Matthew BeedhamEditor, SHIFT by TNW
Matthew is the editor of SHIFT. He likes electric cars, and other things with wheels, wings, or hulls. Matthew is the editor of SHIFT. He likes electric cars, and other things with wheels, wings, or hulls.
Imagine saving up for your dream car, only to be charged twice when you come to pay for it.
That’s bad enough, but then imagine not knowing where or who to turn to, to get your money back.
This is an affliction facing a host of new Tesla owners at the moment, according to a report by CBNC published earlier this week.
One buyer told CNBC that they paid $37,000 extra, while another reportedly had $71,000 removed from their bank account on top of what they already paid for their car.
Those affected have said the funds were taken without warning, and have had a more than difficult time trying to find out how to get their money back.
Things @Tesla has done for me in the past 2 days: 1) stolen 5 figures directly from my bank account, and that of at least 400 other buyers 2) not delivered the car that was promised yesterday and paid for (TWICE, as it turns out) 3) provided zero contact. Thanks, @elonmusk !
— Tom Slattery (@retranslattery) March 27, 2021
It seems that Tesla’s double charging problems stem from its use of an automated clearing house (ACH) system for online payments.
Unlike conventional car sellers where you walk into a dealership and talk finance until the cows come home, Tesla prefers to do most of its selling online for cash.
ACH systems do have features which can enable multiple payments, it seems that this occurred when it shouldn’t have.
In Tom Slattery’s case, from the tweet above, he pushed Tesla for five days and is still awaiting any kind of refund or reassurance from the EV maker that his money will be returned.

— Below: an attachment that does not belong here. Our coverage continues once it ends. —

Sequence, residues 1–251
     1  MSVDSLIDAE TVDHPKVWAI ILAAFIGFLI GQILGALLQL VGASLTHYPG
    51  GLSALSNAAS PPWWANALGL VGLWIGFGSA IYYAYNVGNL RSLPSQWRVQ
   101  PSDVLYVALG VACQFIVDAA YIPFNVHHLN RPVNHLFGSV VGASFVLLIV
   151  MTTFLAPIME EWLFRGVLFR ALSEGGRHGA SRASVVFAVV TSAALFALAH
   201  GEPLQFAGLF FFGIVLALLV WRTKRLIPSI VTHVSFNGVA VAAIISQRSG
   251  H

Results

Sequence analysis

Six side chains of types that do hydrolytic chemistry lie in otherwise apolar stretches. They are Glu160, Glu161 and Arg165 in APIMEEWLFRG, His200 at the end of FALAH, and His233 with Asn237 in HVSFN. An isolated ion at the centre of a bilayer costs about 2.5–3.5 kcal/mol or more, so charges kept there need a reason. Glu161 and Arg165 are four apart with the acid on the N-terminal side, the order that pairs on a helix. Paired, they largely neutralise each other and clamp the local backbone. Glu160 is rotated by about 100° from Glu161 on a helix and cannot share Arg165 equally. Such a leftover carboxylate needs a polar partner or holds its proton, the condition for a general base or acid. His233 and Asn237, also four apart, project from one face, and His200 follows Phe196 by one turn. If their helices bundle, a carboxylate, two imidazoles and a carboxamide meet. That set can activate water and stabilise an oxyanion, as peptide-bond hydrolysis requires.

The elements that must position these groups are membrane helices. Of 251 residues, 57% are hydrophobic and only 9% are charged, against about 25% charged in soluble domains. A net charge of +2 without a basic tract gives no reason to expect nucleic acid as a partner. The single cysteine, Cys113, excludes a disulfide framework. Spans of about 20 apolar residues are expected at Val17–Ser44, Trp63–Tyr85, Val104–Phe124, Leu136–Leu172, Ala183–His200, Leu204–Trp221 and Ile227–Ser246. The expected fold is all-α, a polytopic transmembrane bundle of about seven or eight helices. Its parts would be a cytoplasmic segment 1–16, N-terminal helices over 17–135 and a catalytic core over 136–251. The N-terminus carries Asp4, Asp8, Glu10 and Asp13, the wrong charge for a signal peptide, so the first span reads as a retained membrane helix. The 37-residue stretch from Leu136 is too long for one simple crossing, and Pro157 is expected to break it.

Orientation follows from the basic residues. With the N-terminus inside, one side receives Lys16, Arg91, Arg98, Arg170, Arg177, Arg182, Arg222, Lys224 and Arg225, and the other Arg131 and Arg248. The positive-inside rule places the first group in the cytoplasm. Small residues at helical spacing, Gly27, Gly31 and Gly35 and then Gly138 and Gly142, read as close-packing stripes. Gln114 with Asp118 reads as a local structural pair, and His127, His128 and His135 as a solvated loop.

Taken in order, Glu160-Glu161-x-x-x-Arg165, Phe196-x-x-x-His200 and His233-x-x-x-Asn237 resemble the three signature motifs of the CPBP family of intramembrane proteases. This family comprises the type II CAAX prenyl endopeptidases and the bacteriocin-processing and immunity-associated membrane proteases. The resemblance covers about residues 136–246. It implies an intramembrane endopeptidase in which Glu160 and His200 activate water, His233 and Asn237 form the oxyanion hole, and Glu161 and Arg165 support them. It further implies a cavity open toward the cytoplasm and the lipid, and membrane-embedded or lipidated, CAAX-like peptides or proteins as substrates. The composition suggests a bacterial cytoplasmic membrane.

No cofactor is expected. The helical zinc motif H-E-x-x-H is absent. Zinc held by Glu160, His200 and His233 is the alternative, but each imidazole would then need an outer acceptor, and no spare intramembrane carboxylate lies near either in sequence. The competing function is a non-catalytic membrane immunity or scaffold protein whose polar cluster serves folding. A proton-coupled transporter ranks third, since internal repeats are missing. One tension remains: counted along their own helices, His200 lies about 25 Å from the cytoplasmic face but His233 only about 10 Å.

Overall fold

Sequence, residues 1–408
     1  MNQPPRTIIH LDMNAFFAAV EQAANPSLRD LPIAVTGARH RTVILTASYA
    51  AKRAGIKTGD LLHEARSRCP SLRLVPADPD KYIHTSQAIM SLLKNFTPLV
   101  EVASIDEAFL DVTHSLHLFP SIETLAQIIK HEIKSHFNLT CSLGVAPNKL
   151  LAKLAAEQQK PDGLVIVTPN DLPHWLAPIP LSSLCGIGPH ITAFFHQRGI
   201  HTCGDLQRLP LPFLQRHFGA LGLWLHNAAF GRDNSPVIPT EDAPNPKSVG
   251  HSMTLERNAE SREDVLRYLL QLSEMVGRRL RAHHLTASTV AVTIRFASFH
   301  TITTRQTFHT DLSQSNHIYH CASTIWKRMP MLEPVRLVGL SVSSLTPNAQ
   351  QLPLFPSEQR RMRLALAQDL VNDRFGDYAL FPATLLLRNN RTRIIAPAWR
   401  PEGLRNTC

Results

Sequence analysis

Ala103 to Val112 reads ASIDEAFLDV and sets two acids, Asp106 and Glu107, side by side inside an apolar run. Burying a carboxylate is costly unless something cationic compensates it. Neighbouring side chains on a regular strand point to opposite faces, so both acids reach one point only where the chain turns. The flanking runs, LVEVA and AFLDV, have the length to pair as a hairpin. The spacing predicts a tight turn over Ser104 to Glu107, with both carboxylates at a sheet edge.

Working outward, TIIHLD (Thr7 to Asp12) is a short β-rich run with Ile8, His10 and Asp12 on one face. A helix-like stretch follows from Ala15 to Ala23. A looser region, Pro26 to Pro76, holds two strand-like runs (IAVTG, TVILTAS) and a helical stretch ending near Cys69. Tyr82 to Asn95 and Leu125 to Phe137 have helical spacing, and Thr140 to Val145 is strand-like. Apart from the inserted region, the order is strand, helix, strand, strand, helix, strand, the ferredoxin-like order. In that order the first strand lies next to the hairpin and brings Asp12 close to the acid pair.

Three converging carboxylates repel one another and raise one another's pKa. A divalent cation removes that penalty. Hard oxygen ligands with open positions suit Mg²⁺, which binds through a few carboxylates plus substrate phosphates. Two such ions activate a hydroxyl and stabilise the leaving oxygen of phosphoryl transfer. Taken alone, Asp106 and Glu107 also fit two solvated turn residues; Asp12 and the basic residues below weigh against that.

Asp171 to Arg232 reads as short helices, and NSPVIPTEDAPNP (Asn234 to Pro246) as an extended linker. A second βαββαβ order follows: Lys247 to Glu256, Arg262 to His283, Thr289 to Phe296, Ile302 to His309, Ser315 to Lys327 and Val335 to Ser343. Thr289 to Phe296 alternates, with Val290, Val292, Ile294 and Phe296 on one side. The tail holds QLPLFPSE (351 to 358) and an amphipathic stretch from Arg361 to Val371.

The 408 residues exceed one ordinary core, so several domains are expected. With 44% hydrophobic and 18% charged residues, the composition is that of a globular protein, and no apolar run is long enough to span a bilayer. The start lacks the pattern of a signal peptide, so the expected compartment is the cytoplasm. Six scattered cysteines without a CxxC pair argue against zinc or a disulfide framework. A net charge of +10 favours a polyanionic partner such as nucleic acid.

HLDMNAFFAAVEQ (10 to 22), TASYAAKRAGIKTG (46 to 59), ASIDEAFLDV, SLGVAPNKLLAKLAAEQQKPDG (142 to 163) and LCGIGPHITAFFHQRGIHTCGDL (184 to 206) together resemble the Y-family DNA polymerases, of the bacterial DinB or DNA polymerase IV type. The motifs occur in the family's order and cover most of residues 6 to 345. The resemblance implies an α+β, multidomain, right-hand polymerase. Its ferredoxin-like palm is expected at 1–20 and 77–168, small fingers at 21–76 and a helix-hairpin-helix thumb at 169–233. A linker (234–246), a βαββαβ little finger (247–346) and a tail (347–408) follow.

Some affected have reported being told to ask their bank to reverse the charge, which is extra hassle for the consumer and will take longer than a direct refund from the Silver T.
This is yet another incident to put on the list of bad things that have happened to customers because Tesla is super keen on pushing the boundaries of rational convention.
Customers have previously spent thousands by accidentally “butt dialing” the EV maker and upgrading their vehicle, even though they didn’t intend to.
In those cases, the unfortunate Tesla owners also struggled to get their money back until author and intellectual Nassim Nicholas Taleb escalated things on Twitter, where he has over 700k followers.
Hopefully those double charged by Tesla won’t have to wait much longer before getting their money back. They certainly don’t have anything to worry about from a legal point of view.
It just sucks, and isn’t something anyone should have to deal with. You’d think a company that has sent a Roadster into space could figure out how to do online payments properly. It’s not like its CEO ever had anything to do with that before.
Come on Tesla, do better.
Update April 8, 2021, 0917CEST: Tesla has done better. As Engadget reported yesterday, Tesla has refunded the customers that it double charged. Refunds
The EV makers has given them $200 to spend at its online store. While that’s better than nothing, if it were me, I’d still be feeling pretty salty.
It’s still unclear what exactly went wrong here, but let’s hope the Silver T has learned from what happened: refund customers swiftly, and don’t send them round the houses looking for an answer.
Do EVs excite your electrons? Do ebikes get your wheels spinning? Do self-driving cars get you all charged up?
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